Ensemble: Bangarra Dance Theatre – Of Earth and Sky
Concept & Realisation: Private Dances (Next Wave Festival & Natalie Cursio)
Betty Pounder Award for Choreography: TIE: Frances Rings – Artefact (Bangarra Dance Theatre) AND Stephanie Lake – Mix Tape (Chunky Move)

Panel: Theatre – Independent
Male Performer: Thomas Conroy (Henry) – Something Natural But Very Childish (Dirty Pretty Theatre / La Mama)
Female Performer: Justine Campbell (Jane Franklin) – The Fate of Franklin and his Gallant Crew (Four Larks Theatre)
Ensemble: Us (Grit Theatre / The Function Room)
Design: Sebastian Peters-Lazaro & Ellen Strasser – Set & Properties Design – Body of work (Four Larks Theatre)
Lighting Design: Bluebottle – Ben Cobham with Jenny Hector – Lighting Design & Realisation – Madeleine (Jenny Kemp & Black Sequin Productions / Arts House)
Sound / Composition: Mat Diafos Sweeney (Four Larks Theatre) – Music/Sound/Composition – Body of work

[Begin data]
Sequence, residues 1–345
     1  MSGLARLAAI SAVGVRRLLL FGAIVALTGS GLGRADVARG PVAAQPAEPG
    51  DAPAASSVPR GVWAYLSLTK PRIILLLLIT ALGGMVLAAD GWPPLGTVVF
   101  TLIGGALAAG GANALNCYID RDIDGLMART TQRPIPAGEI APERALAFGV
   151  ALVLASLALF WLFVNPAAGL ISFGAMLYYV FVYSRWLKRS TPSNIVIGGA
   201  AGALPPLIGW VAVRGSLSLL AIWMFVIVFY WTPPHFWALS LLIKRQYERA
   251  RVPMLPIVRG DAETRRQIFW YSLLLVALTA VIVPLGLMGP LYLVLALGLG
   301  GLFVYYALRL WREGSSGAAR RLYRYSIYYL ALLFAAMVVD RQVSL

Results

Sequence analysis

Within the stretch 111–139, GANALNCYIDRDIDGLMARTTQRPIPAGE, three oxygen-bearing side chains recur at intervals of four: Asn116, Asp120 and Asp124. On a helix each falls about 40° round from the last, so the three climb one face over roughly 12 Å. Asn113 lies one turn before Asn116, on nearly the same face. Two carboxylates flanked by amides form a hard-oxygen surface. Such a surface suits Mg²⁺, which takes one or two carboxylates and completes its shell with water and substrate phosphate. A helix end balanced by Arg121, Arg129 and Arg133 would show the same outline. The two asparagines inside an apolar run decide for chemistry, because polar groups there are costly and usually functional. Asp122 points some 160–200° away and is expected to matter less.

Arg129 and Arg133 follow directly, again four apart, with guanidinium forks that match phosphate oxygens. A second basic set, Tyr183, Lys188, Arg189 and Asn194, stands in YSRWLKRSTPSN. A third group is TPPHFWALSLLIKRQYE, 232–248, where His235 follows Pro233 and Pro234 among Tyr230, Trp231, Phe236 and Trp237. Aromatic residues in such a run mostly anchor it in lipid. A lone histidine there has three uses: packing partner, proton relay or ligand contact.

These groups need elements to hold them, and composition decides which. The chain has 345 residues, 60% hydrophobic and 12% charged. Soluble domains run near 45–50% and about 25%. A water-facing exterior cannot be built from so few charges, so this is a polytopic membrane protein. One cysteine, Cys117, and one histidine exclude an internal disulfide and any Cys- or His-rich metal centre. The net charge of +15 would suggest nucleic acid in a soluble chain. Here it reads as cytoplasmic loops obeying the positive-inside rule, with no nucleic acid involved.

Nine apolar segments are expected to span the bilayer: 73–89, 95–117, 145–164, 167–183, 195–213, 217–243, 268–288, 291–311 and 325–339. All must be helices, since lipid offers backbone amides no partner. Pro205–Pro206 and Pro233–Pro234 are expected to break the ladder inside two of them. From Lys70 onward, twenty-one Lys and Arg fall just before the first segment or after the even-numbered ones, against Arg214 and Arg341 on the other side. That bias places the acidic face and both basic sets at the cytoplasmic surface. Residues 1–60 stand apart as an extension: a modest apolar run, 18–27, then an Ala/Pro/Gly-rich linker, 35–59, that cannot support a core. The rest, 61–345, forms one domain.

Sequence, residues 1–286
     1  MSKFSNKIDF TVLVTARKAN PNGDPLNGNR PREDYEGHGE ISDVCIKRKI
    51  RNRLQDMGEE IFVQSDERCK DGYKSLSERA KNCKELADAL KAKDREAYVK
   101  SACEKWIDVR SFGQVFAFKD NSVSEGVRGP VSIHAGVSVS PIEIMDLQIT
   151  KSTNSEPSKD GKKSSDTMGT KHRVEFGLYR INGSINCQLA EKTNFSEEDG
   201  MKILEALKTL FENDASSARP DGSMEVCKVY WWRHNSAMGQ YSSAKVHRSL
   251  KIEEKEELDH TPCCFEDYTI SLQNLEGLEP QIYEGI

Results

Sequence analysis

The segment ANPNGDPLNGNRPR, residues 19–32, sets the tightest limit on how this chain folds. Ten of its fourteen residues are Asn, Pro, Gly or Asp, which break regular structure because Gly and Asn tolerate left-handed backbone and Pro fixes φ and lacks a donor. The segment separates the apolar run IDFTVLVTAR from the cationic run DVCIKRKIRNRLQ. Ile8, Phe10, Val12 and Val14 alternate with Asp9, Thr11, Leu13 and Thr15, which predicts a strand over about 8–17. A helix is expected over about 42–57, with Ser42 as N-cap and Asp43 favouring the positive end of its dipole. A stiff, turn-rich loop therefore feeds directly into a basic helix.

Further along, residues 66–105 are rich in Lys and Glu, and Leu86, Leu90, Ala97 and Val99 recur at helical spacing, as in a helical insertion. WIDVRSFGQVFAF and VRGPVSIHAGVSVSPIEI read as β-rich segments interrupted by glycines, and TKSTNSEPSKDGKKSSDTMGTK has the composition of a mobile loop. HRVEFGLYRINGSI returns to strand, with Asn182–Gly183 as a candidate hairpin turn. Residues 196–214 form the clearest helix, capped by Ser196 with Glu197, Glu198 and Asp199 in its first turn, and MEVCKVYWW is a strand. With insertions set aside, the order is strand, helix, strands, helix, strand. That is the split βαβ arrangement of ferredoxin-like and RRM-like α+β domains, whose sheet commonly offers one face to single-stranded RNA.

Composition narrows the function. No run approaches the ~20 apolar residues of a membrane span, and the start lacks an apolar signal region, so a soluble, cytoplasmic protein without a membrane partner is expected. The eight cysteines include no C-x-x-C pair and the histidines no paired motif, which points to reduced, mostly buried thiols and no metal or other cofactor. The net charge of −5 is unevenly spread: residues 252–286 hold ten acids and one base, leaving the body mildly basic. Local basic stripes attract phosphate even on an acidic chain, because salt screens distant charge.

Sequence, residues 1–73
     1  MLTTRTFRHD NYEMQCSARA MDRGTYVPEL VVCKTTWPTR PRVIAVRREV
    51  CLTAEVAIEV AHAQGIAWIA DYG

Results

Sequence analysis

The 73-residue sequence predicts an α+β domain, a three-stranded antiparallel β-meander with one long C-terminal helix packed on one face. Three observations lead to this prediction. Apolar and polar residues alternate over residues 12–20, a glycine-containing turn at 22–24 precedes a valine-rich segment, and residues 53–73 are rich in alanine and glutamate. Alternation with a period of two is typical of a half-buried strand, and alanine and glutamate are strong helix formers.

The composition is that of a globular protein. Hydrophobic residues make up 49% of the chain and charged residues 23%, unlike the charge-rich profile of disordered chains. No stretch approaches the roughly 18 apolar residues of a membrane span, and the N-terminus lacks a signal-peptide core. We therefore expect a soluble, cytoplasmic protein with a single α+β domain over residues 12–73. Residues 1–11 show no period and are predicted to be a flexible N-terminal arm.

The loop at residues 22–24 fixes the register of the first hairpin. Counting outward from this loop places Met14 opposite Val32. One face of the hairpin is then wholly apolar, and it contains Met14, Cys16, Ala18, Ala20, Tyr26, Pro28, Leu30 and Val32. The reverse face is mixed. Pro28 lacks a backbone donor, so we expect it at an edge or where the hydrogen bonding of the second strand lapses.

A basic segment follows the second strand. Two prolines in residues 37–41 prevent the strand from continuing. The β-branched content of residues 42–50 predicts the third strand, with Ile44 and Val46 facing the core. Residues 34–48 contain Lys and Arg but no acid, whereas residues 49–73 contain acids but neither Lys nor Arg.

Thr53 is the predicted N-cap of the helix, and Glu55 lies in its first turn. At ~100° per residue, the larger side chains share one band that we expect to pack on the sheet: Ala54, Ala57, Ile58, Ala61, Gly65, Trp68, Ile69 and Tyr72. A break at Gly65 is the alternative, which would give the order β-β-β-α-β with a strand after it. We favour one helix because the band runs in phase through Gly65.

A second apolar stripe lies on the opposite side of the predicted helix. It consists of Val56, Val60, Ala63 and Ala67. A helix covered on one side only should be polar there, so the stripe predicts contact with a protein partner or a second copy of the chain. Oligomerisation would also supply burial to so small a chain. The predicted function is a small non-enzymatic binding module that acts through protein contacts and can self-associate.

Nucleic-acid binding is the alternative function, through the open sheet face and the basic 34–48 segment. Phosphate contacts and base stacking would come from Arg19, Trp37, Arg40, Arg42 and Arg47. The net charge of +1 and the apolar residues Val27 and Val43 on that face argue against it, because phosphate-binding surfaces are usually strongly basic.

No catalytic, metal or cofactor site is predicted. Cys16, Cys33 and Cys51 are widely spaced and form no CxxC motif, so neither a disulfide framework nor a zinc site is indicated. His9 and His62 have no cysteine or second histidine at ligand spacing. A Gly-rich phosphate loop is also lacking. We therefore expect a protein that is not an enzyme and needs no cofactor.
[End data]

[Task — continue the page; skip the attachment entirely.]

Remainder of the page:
Direction: Gary Abrahams – Body of work
Production: Us (Grit Theatre / The Function Room)

Panel: Music Theatre
Direction: Richard Eyre & Matthew Bourne – Mary Poppins (Disney / Cameron Mackintosh)
Costume and/or Set Design: Bob Crowley – Set & Costumes – Mary Poppins (Disney / Cameron Mackintosh)
Lightning Design: Trudy Dalgleish – Hairspray (Dainty Consolidated Entertainment / Roadshow Live)
Sound: Peter Grubb – Mary Poppins (Disney / Cameron Mackintosh)
Choreography: Matthew Bourne & Stephen Mear – Mary Poppins (Disney / Cameron Mackintosh)
Musical Direction: Michael Tyack – Mary Poppins (Disney / Cameron Mackintosh)
Female Artist – Leading Role: Verity Hunt-Ballard – Mary Poppins (Disney / Cameron Mackintosh)
Male Artist – Leading Role: Geoffrey Rush – The Drowsy Chaperone (Melbourne Theatre Company)
Male Artist – Featured Role: Philip Quast – Mary Poppins (Disney / Cameron Mackintosh)
Female Artist – Featured Role: Esther Hannaford – Hairspray (Dainty Consolidated Entertainment / Roadshow Live)
Featured Ensemble or Full Ensemble Performance: Mary Poppins (Disney / Cameron Mackintosh)
Best Production: Mary Poppins (Disney / Cameron Mackintosh)